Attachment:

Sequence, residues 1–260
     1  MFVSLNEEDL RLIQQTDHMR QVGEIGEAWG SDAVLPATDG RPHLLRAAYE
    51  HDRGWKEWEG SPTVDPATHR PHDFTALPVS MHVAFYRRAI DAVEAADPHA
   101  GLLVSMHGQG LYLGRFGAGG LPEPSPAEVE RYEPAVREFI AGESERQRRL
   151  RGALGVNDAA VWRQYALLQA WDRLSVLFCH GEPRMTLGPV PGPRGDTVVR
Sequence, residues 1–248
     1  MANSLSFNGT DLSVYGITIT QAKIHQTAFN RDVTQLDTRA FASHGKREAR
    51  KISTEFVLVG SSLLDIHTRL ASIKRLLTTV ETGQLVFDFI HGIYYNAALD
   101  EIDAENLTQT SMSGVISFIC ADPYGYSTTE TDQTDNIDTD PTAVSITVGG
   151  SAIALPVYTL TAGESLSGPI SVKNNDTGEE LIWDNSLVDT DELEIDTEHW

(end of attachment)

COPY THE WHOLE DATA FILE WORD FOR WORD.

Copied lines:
Sequence, residues 1–260
     1  MFVSLNEEDL RLIQQTDHMR QVGEIGEAWG SDAVLPATDG RPHLLRAAYE
    51  HDRGWKEWEG SPTVDPATHR PHDFTALPVS MHVAFYRRAI DAVEAADPHA
   101  GLLVSMHGQG LYLGRFGAGG LPEPSPAEVE RYEPAVREFI AGESERQRRL
   151  RGALGVNDAA VWRQYALLQA WDRLSVLFCH GEPRMTLGPV PGPRGDTVVR
Sequence, residues 1–248
     1  MANSLSFNGT DLSVYGITIT QAKIHQTAFN RDVTQLDTRA FASHGKREAR
    51  KISTEFVLVG SSLLDIHTRL ASIKRLLTTV ETGQLVFDFI HGIYYNAALD
   101  EIDAENLTQT SMSGVISFIC ADPYGYSTTE TDQTDNIDTD PTAVSITVGG
   151  SAIALPVYTL TAGESLSGPI SVKNNDTGEE LIWDNSLVDT DELEIDTEHW